Children with severe closed head injury should be intubated and ventilated at the lower end of eucapnia (pCO2 = 36 — 40). Invasive arterial blood pressure and intracranial pressure monitoring (ICP; see below) should be instituted and a bladder drainage catheter placed. Depending on institutional policy, the neurosurgeon may insert an ICP monitor in the emergency room, ICU or operating room. The child should then be managed in the pediatric ICU (see Table 3). Any change in GCS or neurological examination or new intracranial hypertension should be evaluated by the neurosurgeon, with repeat CT imaging if indicated. Repeat CT imaging should be obtained 12 to 18 hours after admission.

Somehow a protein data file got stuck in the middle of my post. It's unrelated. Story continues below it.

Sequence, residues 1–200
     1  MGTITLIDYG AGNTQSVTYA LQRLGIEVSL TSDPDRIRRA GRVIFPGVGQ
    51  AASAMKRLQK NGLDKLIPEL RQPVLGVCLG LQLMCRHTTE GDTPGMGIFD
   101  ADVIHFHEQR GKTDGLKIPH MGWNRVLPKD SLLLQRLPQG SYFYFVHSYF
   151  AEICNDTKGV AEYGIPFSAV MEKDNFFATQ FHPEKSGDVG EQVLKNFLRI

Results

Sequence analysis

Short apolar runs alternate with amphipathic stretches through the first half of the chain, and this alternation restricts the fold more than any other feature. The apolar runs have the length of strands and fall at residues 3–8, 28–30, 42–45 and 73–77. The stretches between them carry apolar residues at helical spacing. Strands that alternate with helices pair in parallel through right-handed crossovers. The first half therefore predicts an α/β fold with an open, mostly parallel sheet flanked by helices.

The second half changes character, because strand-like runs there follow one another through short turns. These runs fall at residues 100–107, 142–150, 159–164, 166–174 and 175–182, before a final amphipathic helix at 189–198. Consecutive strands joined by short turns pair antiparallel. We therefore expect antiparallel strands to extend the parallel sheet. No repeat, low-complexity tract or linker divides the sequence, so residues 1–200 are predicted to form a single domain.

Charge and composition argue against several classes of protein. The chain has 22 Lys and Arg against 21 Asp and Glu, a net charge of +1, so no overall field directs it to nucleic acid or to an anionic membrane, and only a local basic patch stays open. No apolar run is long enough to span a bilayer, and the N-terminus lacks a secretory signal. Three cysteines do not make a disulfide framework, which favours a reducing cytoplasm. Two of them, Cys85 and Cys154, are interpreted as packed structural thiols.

The use of prophylactic anti-convulsant medication (generally Dilantin) in head injury is controversial. These drugs probably do not reduce the long-term risk of seizures in head injured patients. However, because early seizures may cause secondary injury or exacerbate intracranial hypertension, severely head-injured patients may be maintained on therapeutic levels of anti-convulsant drugs for 2 weeks after injury. Any clinical evidence of seizure activity or sudden intracranial hypertension not explained by CT findings should prompt evaluation by EEG and neurological consultation. Steroid drugs (e.g., Decadron) should not be given for head injury.
Was this article helpful?